THE LOOK FOR WOMEN
Even rich Viking women lived active, outdoorsy lives, and the layered look was a practical solution that also offered plenty of opportunities for decoration. As with men, fur and leather played a much smaller role with women than pop culture leads us to believe. Working our way outward, here’s a breakdown of the four main layers:
SHIFT: The innermost garment would be floor length with long sleeves, made of woven, undyed linen. Regional variations included a boatneck versus a keyhole neckline closed with a small metal brooch, pleats versus smooth, and gores added for fullness (à la homemade bell-bottoms) versus straight cut. In Birka, it was fashionable to wear a pleated shift and let your slip show under a shorter gown.
GOWN: Also floor length with long sleeves, this tunic went over the shift and could be linen or wool. It was usually dyed bright colors, with the sleeves and torso embellished with embroidery, braid, or appliquéd strips of imported silk. The fancy Swedes of Birka, which was a market town, sometimes used metal trimmings like knotted strips of silver wire or looped metal meshwork. A few areas used fur trimmings, but not many groups treated fur as a decoration.
APRON DRESS: This wraparound piece had shoulder straps rather than sleeves, pinned in place by distinctive oval brooches. The cloth was less heavily decorated, as you might expect for an outer garment that saw a lot of wear and tear.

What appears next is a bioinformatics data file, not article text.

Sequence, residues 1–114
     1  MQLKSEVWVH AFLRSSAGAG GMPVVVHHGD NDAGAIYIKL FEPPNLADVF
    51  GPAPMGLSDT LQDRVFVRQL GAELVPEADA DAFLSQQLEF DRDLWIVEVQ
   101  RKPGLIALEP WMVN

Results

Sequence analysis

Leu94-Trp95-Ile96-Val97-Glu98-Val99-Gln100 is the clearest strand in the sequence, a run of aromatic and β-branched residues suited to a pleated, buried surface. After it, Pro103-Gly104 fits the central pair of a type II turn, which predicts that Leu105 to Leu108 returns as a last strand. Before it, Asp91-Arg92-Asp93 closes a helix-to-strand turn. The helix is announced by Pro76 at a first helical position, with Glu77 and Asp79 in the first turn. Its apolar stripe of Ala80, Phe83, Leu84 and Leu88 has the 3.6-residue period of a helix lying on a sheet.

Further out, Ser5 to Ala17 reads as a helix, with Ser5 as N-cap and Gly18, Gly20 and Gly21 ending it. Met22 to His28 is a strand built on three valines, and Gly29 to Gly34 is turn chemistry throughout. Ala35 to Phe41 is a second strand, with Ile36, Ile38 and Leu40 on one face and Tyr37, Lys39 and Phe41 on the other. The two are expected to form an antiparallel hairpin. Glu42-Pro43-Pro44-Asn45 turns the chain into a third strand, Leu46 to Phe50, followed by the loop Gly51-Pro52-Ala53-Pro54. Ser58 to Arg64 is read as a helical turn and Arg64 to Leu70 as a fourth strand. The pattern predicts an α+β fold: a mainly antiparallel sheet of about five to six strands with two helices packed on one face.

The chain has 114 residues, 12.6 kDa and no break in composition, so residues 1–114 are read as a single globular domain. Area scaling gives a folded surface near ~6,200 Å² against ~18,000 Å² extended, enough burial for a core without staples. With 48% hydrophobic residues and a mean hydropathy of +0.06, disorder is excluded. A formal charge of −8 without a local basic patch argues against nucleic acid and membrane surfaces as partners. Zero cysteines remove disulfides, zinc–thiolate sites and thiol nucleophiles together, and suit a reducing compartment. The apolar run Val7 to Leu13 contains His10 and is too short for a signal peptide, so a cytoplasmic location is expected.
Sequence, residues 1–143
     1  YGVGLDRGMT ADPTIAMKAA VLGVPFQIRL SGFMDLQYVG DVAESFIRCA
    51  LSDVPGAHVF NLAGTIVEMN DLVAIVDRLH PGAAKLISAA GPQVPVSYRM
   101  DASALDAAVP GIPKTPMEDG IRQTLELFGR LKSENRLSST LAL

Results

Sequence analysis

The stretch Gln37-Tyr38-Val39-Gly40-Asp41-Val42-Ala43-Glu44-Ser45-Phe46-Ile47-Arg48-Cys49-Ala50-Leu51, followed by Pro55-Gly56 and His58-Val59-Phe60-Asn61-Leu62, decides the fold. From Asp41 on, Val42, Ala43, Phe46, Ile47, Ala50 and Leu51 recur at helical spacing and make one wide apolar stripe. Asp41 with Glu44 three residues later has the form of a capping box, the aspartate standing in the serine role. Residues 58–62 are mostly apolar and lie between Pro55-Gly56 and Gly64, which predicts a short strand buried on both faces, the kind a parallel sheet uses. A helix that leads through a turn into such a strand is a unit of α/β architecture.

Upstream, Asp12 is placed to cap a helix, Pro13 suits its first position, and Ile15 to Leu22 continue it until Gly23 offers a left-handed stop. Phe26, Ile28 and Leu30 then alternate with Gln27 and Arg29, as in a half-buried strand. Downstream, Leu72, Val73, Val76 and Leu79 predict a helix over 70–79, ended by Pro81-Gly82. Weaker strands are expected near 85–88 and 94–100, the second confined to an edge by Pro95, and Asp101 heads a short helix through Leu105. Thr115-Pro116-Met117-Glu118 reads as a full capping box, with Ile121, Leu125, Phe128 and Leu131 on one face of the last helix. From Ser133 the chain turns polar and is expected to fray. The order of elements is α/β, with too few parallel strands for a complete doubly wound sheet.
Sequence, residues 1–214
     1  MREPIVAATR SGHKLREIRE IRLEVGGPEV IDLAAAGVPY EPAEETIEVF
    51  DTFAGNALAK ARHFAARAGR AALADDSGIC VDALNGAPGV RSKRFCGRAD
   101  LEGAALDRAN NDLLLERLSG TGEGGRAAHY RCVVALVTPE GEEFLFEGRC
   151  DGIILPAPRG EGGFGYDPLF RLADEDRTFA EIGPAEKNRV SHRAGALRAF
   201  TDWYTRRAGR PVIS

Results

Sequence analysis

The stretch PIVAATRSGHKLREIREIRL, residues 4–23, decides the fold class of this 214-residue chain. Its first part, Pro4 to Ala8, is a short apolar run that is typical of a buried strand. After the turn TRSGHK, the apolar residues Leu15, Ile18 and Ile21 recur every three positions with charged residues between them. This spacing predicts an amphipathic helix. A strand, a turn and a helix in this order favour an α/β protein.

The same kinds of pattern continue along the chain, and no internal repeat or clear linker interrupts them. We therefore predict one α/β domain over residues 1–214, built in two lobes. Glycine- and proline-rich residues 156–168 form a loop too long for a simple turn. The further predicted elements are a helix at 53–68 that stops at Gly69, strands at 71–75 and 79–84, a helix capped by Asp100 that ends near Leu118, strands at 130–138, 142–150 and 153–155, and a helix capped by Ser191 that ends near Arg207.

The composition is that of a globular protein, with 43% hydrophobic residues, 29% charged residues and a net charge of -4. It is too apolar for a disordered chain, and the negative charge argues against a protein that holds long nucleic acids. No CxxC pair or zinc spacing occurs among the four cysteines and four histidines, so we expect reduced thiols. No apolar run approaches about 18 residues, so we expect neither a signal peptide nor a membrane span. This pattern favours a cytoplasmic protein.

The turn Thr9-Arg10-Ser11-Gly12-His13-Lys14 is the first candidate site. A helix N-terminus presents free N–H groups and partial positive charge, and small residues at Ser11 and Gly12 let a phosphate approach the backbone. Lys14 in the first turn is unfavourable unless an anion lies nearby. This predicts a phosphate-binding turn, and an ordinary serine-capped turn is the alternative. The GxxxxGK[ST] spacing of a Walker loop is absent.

LONG COAT OR CAFTAN: No, not a 1970s Elizabeth Taylor–style caftan, although that would be awesome. This was a floor-length, long-sleeved wool coat that pinned shut with another large brooch at the chest. Like the gown, the sleeves and bodice of the caftan were heavily embellished and might have been lined with linen or silk. It replaced the more shapeless shawl and went out of fashion later in the Viking Age as pleated shifts became more popular.
Homegrown ingredients like the root of the madder plant and the leaves of yellow flowering woad dictated many of the colors in a Viking woman’s wardrobe.
DARK RED: The Danelaw in England
For more on dyeing techniques, see Weaving and Sewing, here.
FARMING THE FJORDS AND FJELLS
Most farms focused on livestock: cows, sheep, horses, pigs, and some poultry. Farmers valued their animals for milk, wool, and work (plowing and riding) more than for meat—in fact, many poorer farmers would only kill and eat an animal as a last resort when facing starvation.
Pork became more popular with richer farmers over the course of the Viking Age, as they converted more fields from grazing land to grain crops. Pigs can forage in the woods and eat kitchen scraps, which means they need much less pasture space.
Women and men both tended animals, but the outdoor work of plowing, planting, fertilizing, harvesting, and threshing fell to men. Since “fertilizing” meant spreading human and animal dung over the whole field, the women were probably glad to let them have it.
Put Your Back Into It
- On Sale
- May 5, 2020
- Page Count
- 224 pages
- Running Press